When the level of Arkansas’ Buffalo River hits six feet at Buffalo Point, the National Park Service restricts access to experienced paddlers. When it’s at 10 feet, the river is closed.
On Wednesday morning, when we were to start our four-day canoe trip from Buffalo Point to the confluence with the White River, the level was 16 feet.
On Thursday, it was 22 feet.
“We blew that one right out of the water, so to speak,” said the lady at the counter of our canoe rental office.
We never got on the river, and we are now dodging continued rain, possible flash flooding and wind and thunder storms as we head north to Kansas City.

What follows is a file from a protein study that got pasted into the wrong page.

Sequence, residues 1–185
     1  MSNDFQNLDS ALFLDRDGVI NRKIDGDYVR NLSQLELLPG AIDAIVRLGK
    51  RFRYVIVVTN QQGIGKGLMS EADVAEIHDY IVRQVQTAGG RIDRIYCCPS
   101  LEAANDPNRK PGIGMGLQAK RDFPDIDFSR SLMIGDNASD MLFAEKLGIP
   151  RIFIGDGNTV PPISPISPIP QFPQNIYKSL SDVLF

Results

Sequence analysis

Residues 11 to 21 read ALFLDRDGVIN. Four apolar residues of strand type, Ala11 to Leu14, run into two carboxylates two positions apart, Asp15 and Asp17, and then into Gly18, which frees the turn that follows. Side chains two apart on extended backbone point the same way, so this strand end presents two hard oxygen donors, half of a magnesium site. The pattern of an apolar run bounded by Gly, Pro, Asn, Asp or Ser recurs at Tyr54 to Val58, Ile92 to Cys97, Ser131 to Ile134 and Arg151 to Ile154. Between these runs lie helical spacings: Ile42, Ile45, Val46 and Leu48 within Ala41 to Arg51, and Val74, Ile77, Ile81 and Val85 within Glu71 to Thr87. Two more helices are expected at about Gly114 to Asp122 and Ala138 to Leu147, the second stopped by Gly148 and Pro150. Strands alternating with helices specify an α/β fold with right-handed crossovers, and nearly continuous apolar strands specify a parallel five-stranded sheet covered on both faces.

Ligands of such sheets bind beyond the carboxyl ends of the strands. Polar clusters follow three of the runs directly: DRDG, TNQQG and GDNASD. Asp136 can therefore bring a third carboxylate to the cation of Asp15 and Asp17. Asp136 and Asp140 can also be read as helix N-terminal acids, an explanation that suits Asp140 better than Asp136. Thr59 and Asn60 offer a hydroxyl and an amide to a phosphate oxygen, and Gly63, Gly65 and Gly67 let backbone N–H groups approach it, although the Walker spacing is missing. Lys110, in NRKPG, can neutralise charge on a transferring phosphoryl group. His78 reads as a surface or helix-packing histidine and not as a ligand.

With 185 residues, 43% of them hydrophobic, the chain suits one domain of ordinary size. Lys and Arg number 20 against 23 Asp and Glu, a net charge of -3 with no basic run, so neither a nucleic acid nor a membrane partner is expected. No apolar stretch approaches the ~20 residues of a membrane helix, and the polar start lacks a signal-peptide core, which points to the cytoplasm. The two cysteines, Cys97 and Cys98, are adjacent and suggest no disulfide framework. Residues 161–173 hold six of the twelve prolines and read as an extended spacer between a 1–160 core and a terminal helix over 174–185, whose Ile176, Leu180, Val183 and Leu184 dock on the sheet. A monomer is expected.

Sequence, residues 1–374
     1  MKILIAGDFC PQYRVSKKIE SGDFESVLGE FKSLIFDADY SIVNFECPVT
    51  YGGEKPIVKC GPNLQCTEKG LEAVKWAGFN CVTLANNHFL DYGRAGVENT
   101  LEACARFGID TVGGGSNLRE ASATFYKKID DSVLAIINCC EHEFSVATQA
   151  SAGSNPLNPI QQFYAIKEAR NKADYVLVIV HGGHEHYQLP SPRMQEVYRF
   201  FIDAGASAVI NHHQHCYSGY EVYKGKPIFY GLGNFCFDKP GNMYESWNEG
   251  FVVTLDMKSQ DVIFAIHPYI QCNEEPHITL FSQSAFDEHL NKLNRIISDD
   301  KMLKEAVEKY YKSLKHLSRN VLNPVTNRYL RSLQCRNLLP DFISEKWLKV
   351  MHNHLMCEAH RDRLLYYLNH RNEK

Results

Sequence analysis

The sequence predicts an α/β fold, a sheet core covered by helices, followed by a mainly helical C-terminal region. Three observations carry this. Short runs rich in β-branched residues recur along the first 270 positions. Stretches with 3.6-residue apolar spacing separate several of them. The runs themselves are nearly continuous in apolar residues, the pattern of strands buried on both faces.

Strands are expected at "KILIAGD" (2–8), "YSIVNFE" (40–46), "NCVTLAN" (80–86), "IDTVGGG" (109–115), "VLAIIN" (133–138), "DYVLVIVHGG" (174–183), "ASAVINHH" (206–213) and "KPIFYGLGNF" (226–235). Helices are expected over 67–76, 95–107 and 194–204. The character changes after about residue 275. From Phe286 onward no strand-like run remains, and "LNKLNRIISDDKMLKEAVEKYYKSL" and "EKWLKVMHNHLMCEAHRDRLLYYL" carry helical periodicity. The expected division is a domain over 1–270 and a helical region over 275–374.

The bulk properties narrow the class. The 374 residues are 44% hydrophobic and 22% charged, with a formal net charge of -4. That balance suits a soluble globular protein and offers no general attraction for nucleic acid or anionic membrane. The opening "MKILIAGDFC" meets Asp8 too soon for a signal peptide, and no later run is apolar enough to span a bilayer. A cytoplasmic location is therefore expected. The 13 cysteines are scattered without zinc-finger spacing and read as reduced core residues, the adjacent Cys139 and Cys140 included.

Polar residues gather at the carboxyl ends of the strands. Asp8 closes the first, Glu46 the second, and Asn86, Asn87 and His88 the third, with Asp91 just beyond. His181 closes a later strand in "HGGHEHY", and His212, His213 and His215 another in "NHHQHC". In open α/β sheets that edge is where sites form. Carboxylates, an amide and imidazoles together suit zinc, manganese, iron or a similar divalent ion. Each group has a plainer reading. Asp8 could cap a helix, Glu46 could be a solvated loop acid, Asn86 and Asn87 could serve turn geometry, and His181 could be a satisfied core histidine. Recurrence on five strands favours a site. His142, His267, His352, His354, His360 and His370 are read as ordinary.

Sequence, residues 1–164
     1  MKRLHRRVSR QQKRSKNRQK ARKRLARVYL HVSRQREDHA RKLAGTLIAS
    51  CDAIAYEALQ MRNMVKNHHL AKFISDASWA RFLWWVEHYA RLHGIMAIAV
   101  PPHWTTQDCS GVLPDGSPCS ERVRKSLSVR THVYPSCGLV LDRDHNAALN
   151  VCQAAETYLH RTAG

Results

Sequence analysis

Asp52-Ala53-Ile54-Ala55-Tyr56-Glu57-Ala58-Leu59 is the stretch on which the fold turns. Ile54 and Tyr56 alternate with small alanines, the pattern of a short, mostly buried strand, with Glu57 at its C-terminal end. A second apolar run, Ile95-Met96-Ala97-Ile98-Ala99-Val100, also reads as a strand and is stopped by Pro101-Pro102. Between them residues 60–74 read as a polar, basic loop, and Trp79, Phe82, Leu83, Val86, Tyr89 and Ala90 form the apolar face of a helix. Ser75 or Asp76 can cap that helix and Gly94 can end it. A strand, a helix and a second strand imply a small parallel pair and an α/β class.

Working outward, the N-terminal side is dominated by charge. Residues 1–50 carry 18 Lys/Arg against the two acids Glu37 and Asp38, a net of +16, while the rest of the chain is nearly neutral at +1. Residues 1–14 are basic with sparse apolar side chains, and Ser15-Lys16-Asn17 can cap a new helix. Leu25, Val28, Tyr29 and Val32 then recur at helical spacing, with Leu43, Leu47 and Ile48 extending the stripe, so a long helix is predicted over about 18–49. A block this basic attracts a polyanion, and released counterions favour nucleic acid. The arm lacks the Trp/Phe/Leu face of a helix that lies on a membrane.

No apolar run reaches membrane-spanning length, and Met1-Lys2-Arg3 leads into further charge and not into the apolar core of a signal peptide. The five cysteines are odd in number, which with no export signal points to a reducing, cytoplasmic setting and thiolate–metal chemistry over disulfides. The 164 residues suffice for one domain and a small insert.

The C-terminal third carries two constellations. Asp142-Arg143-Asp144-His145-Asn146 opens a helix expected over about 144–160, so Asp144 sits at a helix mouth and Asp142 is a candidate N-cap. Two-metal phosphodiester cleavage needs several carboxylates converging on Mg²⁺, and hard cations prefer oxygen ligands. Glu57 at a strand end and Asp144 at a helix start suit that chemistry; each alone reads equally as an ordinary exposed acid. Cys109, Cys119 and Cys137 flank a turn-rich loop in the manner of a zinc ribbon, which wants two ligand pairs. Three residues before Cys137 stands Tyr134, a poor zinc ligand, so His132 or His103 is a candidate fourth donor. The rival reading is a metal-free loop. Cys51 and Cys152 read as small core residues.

Disappointed, but the power and danger of the river was brought home when we learned on Thursday morning that a canoeist on Wednesday had gone missing upstream of us.
Kept off the river, we turned our attention to other pursuits. We walked the Indian Rockhouse Trail in the Buffalo Point State Park and then drove over to the Blanchard Springs Caverns for a tour.
We hope to be in Independence, MO, tonight for a visit to the Harry S. Truman Presidential Library and Museum.
And we are starting to point toward Seattle and home.